The manumission statements also offer insights into the working lives of enslaved people in the Gulf region. Enslaved men seeking manumission outnumbered women by a ratio of approximately three to one. Most of the men worked as indentured labourers in the pearling industry. After pearling, domestic servitude was the next most prominent area of work. Here, more women than men sought manumission. Of the men who described themselves as domestic servants, two thirds indicated that domestic service was not their main duty; it is likely that they worked in the pearling industry, and were only assigned domestic work by their owners outside of the pearling season, which typically ran from May to October. Other chores undertaken by enslaved people included herding, working on date plantations, water carrying, and collecting firewood. The majority of these tasks were carried out by male labourers, and most were probably fulfilled outside of the pearling season. The manumission records also include a small number of women describing themselves as concubines.

Reasons to Seek Manumission

Another aspect of life that the manumission statements shed light on is the relations between enslaved people and those who claimed ownership of them. Not surprisingly, the statements tend to describe relations between slave and ‘master’ at the point where relations had either changed dramatically or broken down completely, making life for the slave unbearable, uncertain, or both. Violence, abuse, imprisonment, and ill-treatment dominate the reasons given by slaves who took flight from their owners. Indentured pearl divers often claimed they were being given insufficient food and clothing, most likely because their nakhudas The (usually Arab) captain or master of a local boat. struggled to afford the cost of maintaining slaves as the pearling industry went into decline.

Extract of a manumission statement by one Raihan bin Hussain, taken down at the Bahrain Political Agency on 1 November 1930, detailing his ill-treatment at the hands of his ‘master’. IOR/R/15/2/1367, f. 53r
Extract of a manumission statement by one Raihan bin Hussain, taken down at the Bahrain Political Agency on 1 November 1930, detailing his ill-treatment at the hands of his ‘master’. IOR/R/15/2/1367, f. 53r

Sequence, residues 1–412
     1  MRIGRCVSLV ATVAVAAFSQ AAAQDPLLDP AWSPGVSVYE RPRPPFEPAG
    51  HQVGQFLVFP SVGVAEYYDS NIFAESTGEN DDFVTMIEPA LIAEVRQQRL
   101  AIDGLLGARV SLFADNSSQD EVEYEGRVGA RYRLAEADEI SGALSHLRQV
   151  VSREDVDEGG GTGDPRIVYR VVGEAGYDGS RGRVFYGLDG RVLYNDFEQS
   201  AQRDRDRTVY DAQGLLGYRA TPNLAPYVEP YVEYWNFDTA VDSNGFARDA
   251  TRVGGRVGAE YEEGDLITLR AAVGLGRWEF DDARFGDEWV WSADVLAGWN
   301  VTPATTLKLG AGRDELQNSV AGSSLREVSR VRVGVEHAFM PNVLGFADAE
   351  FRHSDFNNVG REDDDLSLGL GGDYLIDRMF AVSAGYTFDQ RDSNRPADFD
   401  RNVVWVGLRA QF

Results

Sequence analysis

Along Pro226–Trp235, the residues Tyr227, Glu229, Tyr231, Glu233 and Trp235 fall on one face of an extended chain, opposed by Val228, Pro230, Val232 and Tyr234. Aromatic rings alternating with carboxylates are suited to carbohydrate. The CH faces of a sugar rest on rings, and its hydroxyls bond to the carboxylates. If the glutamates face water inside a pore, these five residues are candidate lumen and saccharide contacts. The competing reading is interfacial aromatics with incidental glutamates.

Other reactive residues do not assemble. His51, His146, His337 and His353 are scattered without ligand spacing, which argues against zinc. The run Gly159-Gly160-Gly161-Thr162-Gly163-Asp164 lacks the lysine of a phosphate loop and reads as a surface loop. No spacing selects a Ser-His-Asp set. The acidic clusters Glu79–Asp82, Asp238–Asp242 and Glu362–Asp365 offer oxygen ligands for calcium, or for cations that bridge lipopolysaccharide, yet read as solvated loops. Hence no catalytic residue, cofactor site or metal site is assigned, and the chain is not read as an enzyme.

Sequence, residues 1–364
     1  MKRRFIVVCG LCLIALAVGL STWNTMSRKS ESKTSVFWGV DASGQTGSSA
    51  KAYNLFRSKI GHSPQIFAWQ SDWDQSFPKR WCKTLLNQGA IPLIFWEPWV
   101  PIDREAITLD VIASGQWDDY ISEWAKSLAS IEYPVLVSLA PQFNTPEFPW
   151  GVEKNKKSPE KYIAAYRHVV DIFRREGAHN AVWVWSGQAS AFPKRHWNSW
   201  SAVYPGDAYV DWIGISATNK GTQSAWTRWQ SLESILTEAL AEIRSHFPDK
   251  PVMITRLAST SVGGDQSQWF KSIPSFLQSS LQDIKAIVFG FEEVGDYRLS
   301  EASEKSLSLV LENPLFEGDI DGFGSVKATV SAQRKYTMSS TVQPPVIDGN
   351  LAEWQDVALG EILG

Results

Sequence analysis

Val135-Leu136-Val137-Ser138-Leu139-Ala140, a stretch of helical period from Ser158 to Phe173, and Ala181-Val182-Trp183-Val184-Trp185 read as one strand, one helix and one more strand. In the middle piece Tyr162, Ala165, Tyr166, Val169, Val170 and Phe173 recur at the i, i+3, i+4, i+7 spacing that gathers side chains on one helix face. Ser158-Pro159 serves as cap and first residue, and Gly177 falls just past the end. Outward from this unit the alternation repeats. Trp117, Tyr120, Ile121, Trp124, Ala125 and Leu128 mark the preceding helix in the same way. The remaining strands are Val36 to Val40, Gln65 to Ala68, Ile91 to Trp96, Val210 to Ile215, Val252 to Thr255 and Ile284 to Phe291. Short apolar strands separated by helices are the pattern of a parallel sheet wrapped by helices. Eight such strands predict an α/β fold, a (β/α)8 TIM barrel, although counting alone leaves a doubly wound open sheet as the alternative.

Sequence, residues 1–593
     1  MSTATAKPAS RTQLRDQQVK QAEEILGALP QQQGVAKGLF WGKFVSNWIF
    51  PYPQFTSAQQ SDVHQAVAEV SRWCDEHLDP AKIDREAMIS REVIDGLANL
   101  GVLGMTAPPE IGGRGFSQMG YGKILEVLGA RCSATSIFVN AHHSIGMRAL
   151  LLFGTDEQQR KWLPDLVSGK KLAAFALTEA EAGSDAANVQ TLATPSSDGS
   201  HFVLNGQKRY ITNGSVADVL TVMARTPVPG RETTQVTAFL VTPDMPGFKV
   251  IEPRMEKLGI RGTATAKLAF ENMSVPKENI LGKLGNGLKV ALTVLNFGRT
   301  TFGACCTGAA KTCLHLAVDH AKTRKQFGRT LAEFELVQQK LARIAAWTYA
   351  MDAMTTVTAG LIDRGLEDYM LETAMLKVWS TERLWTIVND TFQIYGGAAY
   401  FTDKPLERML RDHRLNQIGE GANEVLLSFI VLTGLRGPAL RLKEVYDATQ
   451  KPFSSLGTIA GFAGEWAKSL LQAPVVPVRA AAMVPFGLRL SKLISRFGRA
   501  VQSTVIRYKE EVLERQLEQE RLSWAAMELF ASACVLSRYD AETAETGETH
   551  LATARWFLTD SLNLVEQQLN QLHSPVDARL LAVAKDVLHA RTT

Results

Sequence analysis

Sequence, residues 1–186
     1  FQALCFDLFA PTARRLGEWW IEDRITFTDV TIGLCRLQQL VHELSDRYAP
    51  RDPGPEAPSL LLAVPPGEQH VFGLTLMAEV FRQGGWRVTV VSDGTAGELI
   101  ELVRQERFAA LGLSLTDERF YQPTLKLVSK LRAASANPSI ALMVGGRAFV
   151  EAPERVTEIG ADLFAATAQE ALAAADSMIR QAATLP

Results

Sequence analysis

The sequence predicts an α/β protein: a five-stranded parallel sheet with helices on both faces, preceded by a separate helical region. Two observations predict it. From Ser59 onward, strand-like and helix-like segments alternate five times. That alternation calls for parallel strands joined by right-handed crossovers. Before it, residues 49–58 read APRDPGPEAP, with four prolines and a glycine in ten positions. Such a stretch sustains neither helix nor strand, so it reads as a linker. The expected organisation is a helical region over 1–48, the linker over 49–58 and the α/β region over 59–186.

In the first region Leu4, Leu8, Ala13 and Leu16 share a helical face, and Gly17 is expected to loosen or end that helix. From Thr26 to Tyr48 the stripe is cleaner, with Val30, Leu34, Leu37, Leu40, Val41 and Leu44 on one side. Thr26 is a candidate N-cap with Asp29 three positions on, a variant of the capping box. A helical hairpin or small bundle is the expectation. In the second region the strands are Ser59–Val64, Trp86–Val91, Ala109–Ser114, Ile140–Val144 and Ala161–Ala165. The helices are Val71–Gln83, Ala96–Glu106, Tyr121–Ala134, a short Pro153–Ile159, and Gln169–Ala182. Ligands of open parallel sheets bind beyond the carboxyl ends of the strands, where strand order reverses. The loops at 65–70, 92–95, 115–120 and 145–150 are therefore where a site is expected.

Those seeking manumission also frequently expressed a fear of being re-sold by their current owner, the implication being that a tolerable life might soon be supplanted by one much worse. Older slaves, many of whom had spent most of their adult lives as enslaved persons, often sought manumission because they were too old or no longer able to work. Others might already have been freed by their owner (manumission is encouraged in the Qur’an), or their owner might have died, but they still needed an official certificate to prove their manumitted status.

Beyond this, the manumission statements go some way to documenting the social relations of the Gulf region’s enslaved peoples. They give us an idea of their family lives and the struggles encountered by many in keeping their families together. Many of those seeking manumission spoke of mothers and fathers, husbands and wives, and sons and daughters. In a large proportion of these cases the underlying reason behind their application was a desire to be reunited with family members – or the fear of being separated from them.

Extract from an aide memoir regarding a manumission application made at the Political Residency in Bushire, 1929, by a ‘freeman’ named Farhan on behalf of ‘his wife and child (female) who were still in a condition of slavery’. IOR/R/15/1/208, f. 276r
Extract from an aide memoir regarding a manumission application made at the Political Residency in Bushire, 1929, by a ‘freeman’ named Farhan on behalf of ‘his wife and child (female) who were still in a condition of slavery’. IOR/R/15/1/208, f. 276r

Different Perspectives

There is a considerable amount of information missing from the manumission statements. There is scant evidence, for example, of the ways in which enslaved people held on to the cultural traditions they brought with them from their places of origin, such as the various forms of ritual, music, and dance that enslaved African people brought to the Gulf. Nevertheless, whatever the shortcomings of the manumission statements as documents on the lives of the region’s enslaved population, they are a welcome alternative to the voices of colonial administrators that dominate the records of Britain’s agencies in the Gulf.

Manumission statements on the Qatar Digital Library

The majority of manumission statements made at Britain’s offices in the Gulf between 1920 and 1950 are contained within several archival series, as follows: